Atlanta Reign head coach Brad "Sephy" Rajani explained that ATL Academy was used as a comprehensive scouting ground for potential main team players to find out more about them as teammates and people to assess if they were made for the harsh Overwatch League environment. Moreover, he shared that the academy team proved to be a solid practice partner for the main team. Most importantly, an academy team would be willing to run specific setups in preparation of an Overwatch League match at a high level. The additional information gained by honest insight into a player’s behavior and to have quality practice partners plus the chance to keep two-way players practiced in case they are required on the main team are elements that even an affiliated team wouldn’t be able to provide at the same quality. Atlanta Reign also look to be one of the best teams going into the 2020 season as a direct result of their academy involvement.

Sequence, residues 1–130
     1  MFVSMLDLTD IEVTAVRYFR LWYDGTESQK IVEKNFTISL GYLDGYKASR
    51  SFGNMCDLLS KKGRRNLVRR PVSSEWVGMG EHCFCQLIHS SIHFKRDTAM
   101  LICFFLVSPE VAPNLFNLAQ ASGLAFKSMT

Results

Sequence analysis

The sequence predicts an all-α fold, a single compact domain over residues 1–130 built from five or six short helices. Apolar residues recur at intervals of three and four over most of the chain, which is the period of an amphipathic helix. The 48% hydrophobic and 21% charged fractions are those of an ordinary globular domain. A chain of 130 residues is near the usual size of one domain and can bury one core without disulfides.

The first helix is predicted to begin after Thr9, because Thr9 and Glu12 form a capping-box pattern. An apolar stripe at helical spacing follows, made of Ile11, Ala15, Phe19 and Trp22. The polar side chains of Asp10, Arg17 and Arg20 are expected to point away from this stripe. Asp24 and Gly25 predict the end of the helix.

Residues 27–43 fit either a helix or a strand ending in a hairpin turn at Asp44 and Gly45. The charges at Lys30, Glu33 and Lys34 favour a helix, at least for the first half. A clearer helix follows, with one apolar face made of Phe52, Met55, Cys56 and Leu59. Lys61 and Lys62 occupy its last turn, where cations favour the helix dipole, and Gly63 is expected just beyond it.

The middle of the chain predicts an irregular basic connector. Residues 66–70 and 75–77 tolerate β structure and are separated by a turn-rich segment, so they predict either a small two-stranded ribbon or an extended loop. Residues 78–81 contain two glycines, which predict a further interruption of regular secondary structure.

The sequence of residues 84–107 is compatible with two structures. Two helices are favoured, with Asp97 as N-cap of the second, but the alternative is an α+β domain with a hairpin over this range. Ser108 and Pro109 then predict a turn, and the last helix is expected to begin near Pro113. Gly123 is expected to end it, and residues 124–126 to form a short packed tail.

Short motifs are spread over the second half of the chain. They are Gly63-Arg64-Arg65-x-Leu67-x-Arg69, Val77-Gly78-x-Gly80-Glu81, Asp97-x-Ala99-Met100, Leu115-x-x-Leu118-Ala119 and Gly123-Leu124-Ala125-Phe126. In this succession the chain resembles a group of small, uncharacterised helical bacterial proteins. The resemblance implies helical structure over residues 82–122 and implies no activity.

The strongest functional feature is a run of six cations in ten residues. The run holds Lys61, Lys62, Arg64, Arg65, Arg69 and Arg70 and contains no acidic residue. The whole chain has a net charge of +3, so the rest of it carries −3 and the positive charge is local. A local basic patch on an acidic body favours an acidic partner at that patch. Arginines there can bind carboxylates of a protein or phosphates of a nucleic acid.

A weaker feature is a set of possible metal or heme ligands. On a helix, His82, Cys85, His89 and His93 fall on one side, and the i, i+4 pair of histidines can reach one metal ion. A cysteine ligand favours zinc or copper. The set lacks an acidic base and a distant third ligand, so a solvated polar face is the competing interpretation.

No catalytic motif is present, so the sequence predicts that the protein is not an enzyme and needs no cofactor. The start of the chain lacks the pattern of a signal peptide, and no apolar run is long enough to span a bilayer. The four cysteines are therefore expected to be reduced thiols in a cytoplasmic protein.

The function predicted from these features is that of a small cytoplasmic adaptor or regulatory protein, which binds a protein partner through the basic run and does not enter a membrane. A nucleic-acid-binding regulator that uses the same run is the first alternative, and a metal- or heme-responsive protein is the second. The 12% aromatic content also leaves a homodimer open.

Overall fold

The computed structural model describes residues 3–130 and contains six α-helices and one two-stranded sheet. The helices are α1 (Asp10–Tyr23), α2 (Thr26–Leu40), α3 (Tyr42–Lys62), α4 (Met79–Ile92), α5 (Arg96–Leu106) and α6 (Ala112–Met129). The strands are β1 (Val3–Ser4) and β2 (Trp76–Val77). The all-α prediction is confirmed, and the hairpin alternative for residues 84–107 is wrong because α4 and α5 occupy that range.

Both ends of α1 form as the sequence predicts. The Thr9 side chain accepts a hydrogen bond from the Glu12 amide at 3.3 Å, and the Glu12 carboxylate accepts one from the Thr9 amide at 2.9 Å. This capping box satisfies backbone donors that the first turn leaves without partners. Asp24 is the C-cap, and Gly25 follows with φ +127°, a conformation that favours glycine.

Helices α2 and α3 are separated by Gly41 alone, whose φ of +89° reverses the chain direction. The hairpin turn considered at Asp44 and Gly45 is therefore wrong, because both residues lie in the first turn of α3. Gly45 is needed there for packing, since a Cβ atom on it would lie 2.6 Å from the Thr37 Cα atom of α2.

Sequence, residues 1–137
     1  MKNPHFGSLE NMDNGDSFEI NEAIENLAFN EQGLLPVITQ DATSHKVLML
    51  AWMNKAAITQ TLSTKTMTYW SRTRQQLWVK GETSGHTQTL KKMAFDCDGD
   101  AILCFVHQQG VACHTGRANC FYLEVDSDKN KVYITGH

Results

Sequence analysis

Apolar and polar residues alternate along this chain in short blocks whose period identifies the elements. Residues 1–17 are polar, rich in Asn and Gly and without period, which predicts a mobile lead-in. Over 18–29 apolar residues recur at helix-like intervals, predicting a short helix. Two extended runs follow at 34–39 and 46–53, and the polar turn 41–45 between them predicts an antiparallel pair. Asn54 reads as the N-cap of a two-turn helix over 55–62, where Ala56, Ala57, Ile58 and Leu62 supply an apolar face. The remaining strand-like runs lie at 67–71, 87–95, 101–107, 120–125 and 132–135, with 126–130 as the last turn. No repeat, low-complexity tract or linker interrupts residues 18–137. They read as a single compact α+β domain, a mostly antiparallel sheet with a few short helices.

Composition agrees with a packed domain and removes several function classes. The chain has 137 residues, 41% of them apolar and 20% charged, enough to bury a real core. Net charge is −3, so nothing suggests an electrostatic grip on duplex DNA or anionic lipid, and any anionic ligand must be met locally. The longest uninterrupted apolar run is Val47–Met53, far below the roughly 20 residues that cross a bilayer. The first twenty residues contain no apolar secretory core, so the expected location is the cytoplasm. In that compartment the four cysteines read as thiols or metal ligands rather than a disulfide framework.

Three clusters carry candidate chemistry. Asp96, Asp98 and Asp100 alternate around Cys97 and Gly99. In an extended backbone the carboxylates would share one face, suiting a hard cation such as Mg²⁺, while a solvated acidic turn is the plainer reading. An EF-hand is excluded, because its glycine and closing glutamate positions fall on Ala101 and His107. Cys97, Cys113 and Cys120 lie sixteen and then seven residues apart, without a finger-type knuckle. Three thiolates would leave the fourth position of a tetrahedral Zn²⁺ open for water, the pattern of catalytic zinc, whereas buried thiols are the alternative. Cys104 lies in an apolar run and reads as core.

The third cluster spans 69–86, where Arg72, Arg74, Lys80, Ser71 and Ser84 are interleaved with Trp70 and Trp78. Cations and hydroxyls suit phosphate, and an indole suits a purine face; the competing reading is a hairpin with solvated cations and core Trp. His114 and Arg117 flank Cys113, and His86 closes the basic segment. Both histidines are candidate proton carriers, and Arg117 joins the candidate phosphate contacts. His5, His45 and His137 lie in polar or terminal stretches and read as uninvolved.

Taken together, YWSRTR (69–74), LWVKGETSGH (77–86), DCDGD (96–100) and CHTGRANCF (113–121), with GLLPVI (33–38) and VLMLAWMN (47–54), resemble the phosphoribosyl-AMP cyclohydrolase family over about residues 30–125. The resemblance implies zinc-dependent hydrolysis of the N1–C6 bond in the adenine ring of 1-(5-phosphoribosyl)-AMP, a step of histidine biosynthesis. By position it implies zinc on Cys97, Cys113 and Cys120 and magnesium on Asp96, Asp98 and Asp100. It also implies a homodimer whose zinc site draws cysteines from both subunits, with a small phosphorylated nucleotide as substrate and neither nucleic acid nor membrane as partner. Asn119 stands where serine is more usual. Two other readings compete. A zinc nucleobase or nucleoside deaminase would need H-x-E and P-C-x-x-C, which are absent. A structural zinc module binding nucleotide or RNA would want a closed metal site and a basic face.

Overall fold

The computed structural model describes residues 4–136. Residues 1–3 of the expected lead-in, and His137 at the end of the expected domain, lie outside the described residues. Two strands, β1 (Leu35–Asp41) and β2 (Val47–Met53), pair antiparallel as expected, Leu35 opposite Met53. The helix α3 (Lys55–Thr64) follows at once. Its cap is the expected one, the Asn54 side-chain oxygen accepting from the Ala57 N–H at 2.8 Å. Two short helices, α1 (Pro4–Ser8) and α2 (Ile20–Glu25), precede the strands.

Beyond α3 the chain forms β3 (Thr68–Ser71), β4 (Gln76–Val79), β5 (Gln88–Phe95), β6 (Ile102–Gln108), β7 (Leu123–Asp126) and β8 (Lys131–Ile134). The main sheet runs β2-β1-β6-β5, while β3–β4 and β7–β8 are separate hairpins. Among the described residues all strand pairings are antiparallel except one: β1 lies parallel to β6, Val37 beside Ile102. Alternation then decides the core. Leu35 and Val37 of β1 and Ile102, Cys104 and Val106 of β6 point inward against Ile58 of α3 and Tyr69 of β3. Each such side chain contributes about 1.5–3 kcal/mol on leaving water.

Insufficient Numbers despite decent success
Few teams have been able to make use to the extent that the Fusion and the Reign have done. Some teams, like NRG Esports, the former academy program of the San Francisco Shock, have excelled in scouting talent, having had 9 of their former players now promoted to the Overwatch League. Despite getting additional value by being able to incubate Dong-Jun "Rascal" Kim to secure him for a start in season 2 - a move that paid off tremendously for their championship campaign - NRG esports, too, has closed its doors last summer. By the same token, the now closed Mayhem Academy also has 6 players with Overwatch League contracts to show for themselves, with only Russell Campbell not getting an offer for the upcoming season. Some success is there, but integration into the entire franchise is lacking.
The Korean Competition
It seems that many of the Overwatch League teams see Korean contenders as their direct competition for their academy programs. With an ever-increasing amount of South Korean Contenders talent entering the Overwatch League, it appears easier to simply pay the buyouts for the talent than to develop them themselves at a risk.